|Distance||3 500 milles (6 482 km)|
|Race track||Brest - Charleston (US)|
|Race director||Guillaume Rottée|
|IMOCA reference time||Armel Le Cléac'h, Banque Populaire VIII, 2016, 12j 2h 28m 39s|
The oldest of the singlehanded races, The Transat (formerly OSTAR) was created in 1960 from a bet between a handful of British sailors to find out if they were capable of crossing the Atlantic singlehanded. Despite 50 registration requests, only five sailors took the start from Plymouth, including one Sir Francis Chichester, who triumphed after 40 days, 12 hours and 30 minutes at sea. The legend was born.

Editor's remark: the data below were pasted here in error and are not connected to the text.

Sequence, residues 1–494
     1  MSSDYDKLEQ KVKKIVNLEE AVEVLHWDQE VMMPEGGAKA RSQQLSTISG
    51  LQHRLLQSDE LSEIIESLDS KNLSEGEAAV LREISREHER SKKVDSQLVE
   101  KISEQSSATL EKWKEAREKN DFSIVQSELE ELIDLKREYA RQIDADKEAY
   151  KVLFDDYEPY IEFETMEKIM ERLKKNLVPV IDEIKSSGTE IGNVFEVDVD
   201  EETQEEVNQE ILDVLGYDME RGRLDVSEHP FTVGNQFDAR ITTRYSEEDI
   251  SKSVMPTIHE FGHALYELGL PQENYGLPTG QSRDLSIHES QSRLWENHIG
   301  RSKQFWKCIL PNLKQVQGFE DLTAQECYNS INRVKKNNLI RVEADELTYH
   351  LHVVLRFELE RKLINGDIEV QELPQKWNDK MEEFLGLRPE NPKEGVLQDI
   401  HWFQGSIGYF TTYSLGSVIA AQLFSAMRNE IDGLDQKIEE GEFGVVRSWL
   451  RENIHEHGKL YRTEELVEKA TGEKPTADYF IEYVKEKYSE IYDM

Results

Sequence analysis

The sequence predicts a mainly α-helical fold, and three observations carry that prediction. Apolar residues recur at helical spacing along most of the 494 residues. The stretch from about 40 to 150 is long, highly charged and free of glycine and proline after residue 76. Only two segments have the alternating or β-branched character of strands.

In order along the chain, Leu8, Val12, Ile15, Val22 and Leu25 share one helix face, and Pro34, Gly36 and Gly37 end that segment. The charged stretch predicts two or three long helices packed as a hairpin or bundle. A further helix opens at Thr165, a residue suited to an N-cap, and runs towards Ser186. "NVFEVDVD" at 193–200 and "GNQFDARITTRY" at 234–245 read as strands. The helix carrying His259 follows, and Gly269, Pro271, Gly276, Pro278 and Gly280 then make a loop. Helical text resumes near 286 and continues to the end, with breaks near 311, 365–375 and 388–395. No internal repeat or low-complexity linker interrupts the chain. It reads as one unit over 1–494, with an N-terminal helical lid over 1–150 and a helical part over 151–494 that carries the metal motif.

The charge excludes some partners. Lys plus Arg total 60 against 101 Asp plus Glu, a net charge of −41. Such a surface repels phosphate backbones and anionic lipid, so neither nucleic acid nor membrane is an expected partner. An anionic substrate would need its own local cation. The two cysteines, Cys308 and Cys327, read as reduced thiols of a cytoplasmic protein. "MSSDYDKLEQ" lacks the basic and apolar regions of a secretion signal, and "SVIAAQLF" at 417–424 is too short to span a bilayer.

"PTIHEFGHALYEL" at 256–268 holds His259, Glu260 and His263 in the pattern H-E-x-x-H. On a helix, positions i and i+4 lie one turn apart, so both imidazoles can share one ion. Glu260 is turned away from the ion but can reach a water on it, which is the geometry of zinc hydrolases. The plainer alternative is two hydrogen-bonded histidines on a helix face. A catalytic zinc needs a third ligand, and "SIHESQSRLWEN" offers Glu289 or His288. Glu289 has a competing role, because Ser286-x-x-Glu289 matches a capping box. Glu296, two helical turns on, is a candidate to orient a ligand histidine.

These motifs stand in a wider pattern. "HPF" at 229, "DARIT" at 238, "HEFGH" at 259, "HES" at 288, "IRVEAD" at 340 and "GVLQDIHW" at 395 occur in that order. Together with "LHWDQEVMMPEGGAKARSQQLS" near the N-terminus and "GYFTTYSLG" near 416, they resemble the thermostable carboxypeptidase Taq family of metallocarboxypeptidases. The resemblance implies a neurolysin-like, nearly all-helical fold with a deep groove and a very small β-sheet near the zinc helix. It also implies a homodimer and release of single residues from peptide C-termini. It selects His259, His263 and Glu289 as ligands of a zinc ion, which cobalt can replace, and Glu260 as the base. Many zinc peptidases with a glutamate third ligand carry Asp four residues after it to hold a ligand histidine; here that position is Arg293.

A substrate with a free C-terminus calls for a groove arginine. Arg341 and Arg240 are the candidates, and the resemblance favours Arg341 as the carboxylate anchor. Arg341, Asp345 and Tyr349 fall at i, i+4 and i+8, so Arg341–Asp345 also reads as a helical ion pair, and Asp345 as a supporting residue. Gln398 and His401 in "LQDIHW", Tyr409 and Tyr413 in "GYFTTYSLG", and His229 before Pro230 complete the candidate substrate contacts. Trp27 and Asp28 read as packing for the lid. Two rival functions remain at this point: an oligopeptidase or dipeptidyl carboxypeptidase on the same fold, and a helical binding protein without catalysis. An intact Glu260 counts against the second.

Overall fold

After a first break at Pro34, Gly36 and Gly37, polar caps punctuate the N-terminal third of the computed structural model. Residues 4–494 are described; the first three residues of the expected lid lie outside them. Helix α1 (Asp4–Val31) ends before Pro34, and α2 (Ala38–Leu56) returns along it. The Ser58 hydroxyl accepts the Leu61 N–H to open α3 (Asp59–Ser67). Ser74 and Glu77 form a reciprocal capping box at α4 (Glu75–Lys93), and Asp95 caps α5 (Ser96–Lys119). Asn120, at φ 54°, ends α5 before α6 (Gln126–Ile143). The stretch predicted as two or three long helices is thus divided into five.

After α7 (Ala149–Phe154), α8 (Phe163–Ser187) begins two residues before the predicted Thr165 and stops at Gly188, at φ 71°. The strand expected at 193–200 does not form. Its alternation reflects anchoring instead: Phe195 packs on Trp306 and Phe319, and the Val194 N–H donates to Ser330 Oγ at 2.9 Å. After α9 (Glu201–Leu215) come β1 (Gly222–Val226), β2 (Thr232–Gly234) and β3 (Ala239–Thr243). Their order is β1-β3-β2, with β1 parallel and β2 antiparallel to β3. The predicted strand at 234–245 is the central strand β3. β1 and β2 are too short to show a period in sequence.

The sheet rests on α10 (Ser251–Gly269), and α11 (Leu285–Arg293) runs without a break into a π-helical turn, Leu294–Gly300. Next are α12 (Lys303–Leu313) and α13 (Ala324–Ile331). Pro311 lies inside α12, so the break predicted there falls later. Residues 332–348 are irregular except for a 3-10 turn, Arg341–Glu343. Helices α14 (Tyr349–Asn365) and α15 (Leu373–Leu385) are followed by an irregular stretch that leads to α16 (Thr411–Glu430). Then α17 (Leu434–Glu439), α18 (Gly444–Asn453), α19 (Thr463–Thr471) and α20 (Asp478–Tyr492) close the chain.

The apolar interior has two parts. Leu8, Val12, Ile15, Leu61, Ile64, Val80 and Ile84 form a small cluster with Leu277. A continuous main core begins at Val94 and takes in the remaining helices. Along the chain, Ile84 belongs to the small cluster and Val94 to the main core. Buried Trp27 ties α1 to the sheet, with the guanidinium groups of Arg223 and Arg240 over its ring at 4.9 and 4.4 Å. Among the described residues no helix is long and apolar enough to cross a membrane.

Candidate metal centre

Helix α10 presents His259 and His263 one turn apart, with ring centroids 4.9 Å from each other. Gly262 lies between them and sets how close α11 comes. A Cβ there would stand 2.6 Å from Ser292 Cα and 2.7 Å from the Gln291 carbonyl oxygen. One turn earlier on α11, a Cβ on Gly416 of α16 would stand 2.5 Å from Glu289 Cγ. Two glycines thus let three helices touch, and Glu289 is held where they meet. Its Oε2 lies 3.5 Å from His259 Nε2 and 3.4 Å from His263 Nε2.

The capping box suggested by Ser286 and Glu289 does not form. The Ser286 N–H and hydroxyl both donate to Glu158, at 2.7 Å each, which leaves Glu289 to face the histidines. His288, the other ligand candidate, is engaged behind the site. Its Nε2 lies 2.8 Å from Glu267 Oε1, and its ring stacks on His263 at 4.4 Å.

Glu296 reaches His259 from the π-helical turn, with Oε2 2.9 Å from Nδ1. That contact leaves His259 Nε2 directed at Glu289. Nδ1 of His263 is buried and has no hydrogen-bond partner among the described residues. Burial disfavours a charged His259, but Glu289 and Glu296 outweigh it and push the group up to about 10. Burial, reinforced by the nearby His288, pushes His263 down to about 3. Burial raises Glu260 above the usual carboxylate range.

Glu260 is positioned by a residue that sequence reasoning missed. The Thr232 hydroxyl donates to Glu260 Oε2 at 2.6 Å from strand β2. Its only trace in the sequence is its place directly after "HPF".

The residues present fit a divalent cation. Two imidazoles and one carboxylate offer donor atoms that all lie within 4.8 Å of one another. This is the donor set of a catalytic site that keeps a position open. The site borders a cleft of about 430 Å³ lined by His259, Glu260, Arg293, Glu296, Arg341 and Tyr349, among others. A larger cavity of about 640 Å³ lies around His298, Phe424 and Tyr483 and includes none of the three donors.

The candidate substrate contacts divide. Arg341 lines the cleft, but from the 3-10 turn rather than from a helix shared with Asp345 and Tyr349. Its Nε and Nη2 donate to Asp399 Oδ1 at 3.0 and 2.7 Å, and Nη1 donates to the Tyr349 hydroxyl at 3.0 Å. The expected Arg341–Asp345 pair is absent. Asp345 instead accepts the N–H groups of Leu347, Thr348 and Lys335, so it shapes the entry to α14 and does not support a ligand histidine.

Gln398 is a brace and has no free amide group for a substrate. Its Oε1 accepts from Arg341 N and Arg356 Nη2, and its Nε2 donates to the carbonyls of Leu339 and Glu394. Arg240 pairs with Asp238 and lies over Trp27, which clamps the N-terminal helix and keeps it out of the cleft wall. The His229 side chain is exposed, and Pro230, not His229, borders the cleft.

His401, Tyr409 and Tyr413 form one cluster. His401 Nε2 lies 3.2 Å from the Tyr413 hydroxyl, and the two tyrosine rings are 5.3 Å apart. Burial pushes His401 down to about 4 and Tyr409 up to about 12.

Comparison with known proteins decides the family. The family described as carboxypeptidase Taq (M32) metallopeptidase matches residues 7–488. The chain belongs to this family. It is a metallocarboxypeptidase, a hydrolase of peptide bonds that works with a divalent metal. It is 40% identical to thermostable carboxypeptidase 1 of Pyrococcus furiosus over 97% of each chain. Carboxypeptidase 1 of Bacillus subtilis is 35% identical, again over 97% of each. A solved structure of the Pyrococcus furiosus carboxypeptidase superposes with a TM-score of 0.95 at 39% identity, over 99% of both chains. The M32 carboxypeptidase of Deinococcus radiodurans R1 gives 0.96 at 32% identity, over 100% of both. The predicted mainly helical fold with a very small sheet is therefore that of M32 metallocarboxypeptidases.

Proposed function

The greatest names in offshore racing would associate themselves with its long history: Dame Ellen MacArthur, Éric Tabarly, Alain Colas, Philippe Poupon and Loïck Peyron, the only sailor to have won it three times. Armel Le Cléac'h took victory in 2016, with the Breton sailor setting a new reference time of 12 days, 2 hours, 28 minutes and 39 seconds, aboard his VPLP-Verdier design Banque Populaire VIII, before going on to win the Vendée Globe a few months later.
On the programme for the IMOCA Globe Series 2018-21, the legendary 3,500-mile transatlantic sprint counts towards selection for the Vendée Globe 2020-21. It is crossing the English Channel for the start of the next edition, which is scheduled to set out from the port of Brest in May 2020, taking the sailors to Charleston in South Carolina for the first time.